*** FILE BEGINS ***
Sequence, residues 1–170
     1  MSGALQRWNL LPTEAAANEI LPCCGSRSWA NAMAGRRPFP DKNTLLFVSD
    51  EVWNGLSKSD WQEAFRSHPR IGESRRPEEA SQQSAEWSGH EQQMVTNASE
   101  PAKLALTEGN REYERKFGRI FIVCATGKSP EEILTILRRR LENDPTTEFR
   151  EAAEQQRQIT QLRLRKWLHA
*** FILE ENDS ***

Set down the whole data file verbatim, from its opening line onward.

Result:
Sequence, residues 1–170
     1  MSGALQRWNL LPTEAAANEI LPCCGSRSWA NAMAGRRPFP DKNTLLFVSD
    51  EVWNGLSKSD WQEAFRSHPR IGESRRPEEA SQQSAEWSGH EQQMVTNASE
   101  PAKLALTEGN REYERKFGRI FIVCATGKSP EEILTILRRR LENDPTTEFR
   151  EAAEQQRQIT QLRLRKWLHA